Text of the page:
What language does the Internet speak? All languages, of course, but English much more so than others. Per Wikipedia, anywhere from 65 to 85 percent of the content on the World Wide Web today is written in English. That’s great for all of us English speakers, but what about the huge chunk of the world that doesn’t speak English? Their Internet experience is necessarily limited by their language skills.
Luis von Ahn, a computer science professor at Carnegie Mellon University, wants to change that equation by doing nothing less than translating the entire Internet.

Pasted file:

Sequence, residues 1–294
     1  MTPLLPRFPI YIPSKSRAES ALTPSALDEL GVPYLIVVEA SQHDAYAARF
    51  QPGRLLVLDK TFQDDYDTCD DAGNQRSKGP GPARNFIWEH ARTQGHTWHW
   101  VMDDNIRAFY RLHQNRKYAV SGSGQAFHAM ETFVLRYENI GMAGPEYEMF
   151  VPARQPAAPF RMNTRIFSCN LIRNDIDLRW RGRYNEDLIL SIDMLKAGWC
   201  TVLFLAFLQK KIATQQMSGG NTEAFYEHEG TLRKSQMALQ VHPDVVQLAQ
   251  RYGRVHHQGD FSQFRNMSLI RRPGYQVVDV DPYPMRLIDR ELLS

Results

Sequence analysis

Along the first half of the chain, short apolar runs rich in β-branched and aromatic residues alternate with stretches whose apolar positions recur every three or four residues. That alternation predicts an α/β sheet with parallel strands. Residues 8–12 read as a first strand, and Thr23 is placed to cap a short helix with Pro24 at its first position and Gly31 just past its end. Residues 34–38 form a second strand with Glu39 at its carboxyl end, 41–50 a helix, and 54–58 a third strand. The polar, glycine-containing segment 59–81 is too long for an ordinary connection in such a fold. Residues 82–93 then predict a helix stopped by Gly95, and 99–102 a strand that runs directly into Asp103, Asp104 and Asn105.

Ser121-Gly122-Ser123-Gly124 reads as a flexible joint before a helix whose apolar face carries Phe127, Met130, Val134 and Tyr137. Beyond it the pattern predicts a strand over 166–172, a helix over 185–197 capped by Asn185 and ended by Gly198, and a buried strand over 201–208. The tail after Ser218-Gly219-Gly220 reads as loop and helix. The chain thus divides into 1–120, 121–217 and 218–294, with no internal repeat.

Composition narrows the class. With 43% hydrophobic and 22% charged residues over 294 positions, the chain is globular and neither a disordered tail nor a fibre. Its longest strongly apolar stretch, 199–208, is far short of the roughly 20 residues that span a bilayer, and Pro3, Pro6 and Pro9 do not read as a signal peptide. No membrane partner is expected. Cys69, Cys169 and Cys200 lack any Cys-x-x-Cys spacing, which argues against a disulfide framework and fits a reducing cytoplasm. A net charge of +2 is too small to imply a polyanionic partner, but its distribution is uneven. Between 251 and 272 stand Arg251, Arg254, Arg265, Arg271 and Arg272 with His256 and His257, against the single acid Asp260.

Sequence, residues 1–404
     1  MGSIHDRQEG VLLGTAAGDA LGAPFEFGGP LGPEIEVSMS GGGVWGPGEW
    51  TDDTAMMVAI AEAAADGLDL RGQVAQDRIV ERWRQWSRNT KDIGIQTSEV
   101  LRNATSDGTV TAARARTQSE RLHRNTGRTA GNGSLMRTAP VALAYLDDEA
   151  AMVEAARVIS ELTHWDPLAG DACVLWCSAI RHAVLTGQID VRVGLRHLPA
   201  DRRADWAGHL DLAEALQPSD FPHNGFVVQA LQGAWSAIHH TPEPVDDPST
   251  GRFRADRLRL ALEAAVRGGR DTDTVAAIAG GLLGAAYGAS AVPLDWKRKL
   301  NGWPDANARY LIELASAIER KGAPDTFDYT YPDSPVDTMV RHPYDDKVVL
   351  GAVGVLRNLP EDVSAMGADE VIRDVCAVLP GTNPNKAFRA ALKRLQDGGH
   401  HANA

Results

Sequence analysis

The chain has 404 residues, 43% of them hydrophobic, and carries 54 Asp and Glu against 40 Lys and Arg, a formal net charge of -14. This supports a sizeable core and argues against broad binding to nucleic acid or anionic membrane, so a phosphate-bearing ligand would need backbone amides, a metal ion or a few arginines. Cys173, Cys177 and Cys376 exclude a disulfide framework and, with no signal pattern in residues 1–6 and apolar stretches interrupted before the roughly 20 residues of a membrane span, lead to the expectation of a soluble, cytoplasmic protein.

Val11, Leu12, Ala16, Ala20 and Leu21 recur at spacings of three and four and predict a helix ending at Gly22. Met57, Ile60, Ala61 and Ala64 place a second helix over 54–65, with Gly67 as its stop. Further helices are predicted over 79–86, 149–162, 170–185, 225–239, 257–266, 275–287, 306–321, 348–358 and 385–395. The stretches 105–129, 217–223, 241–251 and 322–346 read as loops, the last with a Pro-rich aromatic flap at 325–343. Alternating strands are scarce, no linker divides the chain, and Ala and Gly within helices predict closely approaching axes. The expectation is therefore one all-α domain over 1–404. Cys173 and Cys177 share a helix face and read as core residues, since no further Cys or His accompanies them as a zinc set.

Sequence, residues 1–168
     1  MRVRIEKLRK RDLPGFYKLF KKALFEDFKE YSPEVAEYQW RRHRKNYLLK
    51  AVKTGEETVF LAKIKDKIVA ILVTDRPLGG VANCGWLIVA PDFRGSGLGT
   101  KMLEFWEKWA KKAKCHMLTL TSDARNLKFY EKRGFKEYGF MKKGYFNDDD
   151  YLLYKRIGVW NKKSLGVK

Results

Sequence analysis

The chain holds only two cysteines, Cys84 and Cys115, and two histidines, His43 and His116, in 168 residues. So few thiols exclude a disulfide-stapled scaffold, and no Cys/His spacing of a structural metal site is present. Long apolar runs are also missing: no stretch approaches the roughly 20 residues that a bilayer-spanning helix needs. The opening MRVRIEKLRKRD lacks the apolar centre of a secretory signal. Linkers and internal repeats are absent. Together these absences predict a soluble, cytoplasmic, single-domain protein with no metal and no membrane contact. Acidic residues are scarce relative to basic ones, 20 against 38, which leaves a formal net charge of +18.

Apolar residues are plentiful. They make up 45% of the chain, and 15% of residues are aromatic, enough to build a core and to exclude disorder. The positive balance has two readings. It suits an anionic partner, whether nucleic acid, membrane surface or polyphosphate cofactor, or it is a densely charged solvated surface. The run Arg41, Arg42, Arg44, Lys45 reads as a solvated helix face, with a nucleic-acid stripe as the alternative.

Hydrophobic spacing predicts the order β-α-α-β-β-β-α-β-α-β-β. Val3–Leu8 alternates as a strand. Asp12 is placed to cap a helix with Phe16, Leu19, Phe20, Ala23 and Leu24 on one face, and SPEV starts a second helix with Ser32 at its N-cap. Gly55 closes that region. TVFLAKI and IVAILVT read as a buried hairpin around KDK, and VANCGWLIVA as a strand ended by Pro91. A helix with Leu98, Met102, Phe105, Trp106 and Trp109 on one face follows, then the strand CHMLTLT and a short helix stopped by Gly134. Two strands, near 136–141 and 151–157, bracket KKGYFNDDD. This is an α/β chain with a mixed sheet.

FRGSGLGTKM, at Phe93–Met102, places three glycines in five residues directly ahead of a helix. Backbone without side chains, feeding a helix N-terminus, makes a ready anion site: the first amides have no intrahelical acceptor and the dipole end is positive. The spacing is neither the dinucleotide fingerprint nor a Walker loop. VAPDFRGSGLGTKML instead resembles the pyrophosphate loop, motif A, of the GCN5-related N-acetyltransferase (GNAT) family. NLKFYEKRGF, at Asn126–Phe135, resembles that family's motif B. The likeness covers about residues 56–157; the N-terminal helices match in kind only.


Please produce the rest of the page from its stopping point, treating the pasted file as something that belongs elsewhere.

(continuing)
Obviously, that’s a staggering prospect considering the sheer amount of content on the web. But according to Fox News, that’s the ambition behind Professor von Ahn’s new language-learning start-up Duolingo. Duolingo offers free language learning to everybody. Since the best way to learn is by doing, language learners on the service are simply assigned a few sentences to translate from the language they’re trying to learn into their native language. Each little snippet of text is from a real website. Duolingo then records the translation, compares it to other people’s translations of the same sentence and determines what the best translation for the sentence probably is. This is similar to the method used by Facebook to translate its website, though of course Duolingo’s project is much more ambitious in scope. Read more